Stonington considers cleaning up the rotting Campbell Grain silo to help attract a developer

Stonington considers cleaning up the rotting Campbell Grain silo to help attract a developer

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STONINGTON — The towering wooden grain silo that remains on the Campbell Grain Building property is deteriorating, and the town is considering whether to assist in its demolishment. 

Standing near the building last Monday in the rain, First Selectman Rob Simmons touched a corner column with the metal tip of his umbrella to demonstrate how rotted the wood was. 

“The major cornerpost has no enduring value to it. It’s been totally eaten by powderpost beetles,” he said as the soft, pulpy wood crumbled apart. “The fire chief is concerned this portion of the building could collapse.”

Built in 1917, the Campbell Grain Building, located at 27 West Broad St. behind Bess Eaton, was a 45,000-square-foot operation comprising a grain elevator and a grist mill. It was later purchased and operated by the Perry Family of Westerly.

In the 1960s, Frank DeCiantis purchased the property, and his son, also named Frank, took ownership in the early 1980s. Under the DeCiantis’ tenure, the site housed a printing business and an office-equipment company and later became rental space for start-up companies. 

The flood of 2010 damaged the grist building, and it was vacant until 2016 when it was deconstructed and its antique wooden beams, columns and flooring, considered highly valuable, were sold. Twelve beams were repurposed for use in the Veit Automotive Foundation Museum in Buffalo, Minn.

Unlike the grist mill, the silo was constructed using 6-inch nails to stabilize the building’s structure, rendering the wood unsalvageable, said Simmons, pointing to stacks of boards near the silo’s front entrance. 

“They can’t recover the wood because these nails were put in all the way across to keep the silos from bulging out. From an engineering standpoint, you had to pin together the stacked wood with 6-inch-long nails every couple of feet and they’re all the way through,” he said. “You can’t use a chainsaw to recover the wood, it would destroy the equipment.” 

Also on site was Pawcatuck Fire Chief Kevin Burns, who said he had noticed new signs of deterioration. 

“That’s all new collapse right there, within the past month,” he said, pointing to a bulge where the wood had created a hole in side of the silo. “There’s no roof on any of this any more, it’s open to the sky. It’s a fire hazard, it’s a public-safety hazard.”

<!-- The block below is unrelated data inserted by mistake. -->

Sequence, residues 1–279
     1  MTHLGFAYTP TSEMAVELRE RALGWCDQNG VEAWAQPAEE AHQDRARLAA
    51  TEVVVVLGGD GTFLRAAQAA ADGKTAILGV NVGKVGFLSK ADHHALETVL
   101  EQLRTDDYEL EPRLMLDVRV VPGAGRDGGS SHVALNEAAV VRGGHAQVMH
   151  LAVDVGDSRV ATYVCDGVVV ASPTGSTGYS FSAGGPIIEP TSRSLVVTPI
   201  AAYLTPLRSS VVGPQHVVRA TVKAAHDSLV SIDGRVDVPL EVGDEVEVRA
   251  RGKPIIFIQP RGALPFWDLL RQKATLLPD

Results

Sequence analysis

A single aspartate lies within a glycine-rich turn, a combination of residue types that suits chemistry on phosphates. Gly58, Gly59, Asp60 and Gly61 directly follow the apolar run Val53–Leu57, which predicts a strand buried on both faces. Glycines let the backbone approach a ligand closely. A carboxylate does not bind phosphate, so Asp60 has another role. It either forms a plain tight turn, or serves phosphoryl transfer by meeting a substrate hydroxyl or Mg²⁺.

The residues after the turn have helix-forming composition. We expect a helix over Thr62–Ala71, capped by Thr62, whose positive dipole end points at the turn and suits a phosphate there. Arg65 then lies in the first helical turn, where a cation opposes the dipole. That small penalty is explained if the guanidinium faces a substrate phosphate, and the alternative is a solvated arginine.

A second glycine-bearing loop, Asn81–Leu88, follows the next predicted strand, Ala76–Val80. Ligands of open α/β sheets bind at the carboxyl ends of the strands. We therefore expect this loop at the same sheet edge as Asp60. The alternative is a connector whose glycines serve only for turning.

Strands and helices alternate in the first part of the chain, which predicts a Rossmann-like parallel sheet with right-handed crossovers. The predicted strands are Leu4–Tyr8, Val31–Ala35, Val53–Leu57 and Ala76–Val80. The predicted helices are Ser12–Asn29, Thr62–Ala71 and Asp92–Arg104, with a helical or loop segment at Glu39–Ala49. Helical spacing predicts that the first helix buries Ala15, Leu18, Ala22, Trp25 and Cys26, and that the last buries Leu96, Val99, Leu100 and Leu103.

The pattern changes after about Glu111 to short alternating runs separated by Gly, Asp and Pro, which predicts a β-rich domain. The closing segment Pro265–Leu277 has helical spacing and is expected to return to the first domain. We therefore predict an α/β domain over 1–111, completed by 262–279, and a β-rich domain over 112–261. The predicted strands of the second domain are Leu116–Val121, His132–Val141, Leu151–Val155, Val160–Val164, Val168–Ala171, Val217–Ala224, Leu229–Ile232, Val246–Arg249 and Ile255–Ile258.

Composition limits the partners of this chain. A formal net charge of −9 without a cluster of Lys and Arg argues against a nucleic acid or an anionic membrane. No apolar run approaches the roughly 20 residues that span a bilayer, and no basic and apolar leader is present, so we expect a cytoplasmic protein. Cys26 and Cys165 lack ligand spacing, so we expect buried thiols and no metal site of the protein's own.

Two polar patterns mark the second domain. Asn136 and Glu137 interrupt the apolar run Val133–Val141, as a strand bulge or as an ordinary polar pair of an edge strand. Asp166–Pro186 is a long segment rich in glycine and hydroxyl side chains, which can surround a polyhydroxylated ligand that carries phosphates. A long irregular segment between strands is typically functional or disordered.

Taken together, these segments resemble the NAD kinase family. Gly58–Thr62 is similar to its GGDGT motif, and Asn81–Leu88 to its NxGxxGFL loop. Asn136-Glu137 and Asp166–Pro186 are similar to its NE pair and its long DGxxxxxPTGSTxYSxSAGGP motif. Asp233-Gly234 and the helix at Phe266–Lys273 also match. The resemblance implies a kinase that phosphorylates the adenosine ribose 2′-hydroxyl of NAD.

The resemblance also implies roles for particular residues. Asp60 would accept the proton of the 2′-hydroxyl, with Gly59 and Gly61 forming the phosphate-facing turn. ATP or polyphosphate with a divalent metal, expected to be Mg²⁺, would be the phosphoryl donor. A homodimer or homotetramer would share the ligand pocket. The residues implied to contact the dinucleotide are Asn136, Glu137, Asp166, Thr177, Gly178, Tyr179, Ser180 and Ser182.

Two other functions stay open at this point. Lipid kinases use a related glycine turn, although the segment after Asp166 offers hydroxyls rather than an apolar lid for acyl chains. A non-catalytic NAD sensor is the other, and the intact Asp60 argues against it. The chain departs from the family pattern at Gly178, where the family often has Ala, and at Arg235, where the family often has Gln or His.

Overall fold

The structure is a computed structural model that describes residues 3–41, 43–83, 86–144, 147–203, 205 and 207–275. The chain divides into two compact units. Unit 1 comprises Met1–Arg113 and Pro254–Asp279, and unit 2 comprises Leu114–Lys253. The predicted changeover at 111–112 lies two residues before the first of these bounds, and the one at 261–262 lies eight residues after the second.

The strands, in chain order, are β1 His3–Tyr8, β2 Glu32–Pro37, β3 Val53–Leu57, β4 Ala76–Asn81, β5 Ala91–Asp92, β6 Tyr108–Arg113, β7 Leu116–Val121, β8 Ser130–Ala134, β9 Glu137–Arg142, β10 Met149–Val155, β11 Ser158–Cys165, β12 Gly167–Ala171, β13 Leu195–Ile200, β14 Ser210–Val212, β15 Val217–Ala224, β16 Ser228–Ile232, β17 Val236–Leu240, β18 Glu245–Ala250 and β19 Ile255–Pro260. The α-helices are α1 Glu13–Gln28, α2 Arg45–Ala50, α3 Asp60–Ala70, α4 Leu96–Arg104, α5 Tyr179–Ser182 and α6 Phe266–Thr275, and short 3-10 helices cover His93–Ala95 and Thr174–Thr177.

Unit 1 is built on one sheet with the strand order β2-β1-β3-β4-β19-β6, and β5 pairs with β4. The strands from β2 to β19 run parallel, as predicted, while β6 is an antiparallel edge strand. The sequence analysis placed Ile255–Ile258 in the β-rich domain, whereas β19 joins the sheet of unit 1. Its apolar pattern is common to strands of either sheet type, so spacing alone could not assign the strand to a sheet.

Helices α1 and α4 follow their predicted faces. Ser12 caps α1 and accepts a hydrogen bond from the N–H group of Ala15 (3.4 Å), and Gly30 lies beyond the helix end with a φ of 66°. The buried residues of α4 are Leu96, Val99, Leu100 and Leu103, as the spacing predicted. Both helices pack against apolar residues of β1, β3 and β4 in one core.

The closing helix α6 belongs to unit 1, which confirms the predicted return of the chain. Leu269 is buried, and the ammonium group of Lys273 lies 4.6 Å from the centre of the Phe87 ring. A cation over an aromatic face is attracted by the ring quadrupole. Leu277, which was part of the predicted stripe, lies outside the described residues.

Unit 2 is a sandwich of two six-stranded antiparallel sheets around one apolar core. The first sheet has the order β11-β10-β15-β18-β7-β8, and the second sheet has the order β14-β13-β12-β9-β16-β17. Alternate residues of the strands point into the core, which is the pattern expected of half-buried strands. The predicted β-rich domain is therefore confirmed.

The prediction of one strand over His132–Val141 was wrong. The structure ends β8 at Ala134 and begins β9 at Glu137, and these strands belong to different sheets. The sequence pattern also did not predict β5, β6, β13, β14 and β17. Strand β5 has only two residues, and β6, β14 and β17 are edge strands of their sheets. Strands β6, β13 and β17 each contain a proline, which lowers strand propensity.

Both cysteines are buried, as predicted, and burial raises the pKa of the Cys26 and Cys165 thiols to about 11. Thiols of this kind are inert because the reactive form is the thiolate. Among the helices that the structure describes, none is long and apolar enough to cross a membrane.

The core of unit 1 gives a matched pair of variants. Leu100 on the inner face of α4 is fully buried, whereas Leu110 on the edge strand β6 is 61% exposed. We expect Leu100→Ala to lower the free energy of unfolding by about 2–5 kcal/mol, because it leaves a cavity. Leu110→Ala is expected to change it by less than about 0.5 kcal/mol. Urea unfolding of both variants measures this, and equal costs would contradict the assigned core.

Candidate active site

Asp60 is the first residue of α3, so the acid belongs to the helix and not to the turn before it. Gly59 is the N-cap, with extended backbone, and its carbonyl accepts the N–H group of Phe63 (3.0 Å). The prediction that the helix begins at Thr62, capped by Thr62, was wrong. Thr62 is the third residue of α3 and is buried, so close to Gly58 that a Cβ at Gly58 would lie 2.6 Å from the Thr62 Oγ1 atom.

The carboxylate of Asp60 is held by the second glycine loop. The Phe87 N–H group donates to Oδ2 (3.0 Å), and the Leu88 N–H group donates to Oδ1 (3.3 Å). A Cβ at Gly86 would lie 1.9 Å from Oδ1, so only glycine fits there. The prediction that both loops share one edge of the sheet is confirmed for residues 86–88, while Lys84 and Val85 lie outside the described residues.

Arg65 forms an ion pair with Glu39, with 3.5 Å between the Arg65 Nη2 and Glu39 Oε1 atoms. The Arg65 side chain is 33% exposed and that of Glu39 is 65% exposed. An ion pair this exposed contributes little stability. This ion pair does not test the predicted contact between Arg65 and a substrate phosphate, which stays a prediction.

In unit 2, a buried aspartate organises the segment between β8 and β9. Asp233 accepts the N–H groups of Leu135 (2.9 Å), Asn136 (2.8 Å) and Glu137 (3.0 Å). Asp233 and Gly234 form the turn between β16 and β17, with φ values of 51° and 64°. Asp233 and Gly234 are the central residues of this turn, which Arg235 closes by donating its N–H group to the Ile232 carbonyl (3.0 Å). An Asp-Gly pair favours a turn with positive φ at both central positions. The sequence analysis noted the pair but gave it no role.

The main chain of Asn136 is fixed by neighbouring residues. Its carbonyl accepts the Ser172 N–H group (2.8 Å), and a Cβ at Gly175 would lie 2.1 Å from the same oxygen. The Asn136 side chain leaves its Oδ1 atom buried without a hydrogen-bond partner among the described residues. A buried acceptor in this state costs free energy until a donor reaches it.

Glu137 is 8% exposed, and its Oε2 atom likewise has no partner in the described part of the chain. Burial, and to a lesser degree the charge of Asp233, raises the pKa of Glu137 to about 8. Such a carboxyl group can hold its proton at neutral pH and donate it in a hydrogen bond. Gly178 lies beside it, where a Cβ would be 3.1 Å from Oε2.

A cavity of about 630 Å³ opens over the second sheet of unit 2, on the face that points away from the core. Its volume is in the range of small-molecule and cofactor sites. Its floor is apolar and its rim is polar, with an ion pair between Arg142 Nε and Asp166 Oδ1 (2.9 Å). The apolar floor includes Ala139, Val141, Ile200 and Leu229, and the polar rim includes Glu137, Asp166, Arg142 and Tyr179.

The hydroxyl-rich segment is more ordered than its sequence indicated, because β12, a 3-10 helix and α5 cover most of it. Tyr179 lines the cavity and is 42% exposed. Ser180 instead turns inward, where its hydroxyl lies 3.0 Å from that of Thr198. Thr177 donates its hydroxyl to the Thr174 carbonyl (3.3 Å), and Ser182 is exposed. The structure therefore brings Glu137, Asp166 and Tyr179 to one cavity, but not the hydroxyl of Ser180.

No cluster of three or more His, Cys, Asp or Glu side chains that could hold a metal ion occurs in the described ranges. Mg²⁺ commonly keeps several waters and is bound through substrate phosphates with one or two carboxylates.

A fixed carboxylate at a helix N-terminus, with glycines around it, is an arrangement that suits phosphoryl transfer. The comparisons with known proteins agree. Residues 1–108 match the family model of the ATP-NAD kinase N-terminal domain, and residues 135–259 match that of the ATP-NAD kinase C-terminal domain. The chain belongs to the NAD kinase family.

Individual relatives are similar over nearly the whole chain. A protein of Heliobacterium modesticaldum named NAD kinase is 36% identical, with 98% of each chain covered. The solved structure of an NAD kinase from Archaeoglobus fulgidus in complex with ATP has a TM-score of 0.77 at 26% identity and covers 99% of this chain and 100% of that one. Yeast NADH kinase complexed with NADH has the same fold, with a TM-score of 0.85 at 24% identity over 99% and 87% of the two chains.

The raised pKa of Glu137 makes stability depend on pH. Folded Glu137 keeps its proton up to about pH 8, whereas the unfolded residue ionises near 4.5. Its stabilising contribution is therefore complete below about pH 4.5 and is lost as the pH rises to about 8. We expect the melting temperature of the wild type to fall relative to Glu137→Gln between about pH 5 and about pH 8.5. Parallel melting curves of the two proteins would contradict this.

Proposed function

Burns said the roof was removed in 2016 when asbestos at the site was remediated. 

Demolishing the silo would cost about $40,000 and the owner of the building doesn’t have the resources to take the building down, said Simmons. 

“This is useless and an eyesore, and yet it occupies a potentially valuable piece of property in the PV5 zone, so the town is trying to work with the fire chief, with the Economic Development Commission and with the Planning and Zoning Commission, to remediate, even if the town has to take some action,” he said. “We cannot build Pawcatuck Village as long as sites like this remain — dangerous, hazardous, unattractive and yet located on a significant piece of property.” 

The question was where to go from here, Simmons said. 

“The challenge for us is, do we assume the responsibility through the blight process of moving the owner in a direction to remediate?” he said. “Alternatively, does the town step in and remediate and put a lien on the property?”

Two weeks ago, the town cited the property under the blight ordinance and began fining DeCiantis $100 per day, but broader action needs to be taken to solve the problem, said Jason Vincent, director of planning, who was also on site. 

“Blight is a symptom and we need to determine as a community, should we spend the money to take the building down, should we have some active role in resolving the blight issue that’s here?” he said. “We want this problem to go away, and the $100 per day is not a motivating factor, and it’s not going to lead to a solution. The only solution that we can see is an intervention in which the town has some role in tearing down the structure.” 

The town cited 2-4 Mechanic Street for blight, resulting in $60,000 in fines, which the property’s new owner, Jim Lathrop, has asked the town to forgive since he is working to clean up the site, which had long been an eyesore. 

Simmons said the town is looking for a similar positive outcome for the Campbell Grain property. 

“If you look at 2-4 Mechanic Street, you will see that the blight ordinance as applied resulted in a transfer or sale of the property and now the property is being fixed up,” he said. “That’s what we want. We want to see progress in Pawcatuck Village.”


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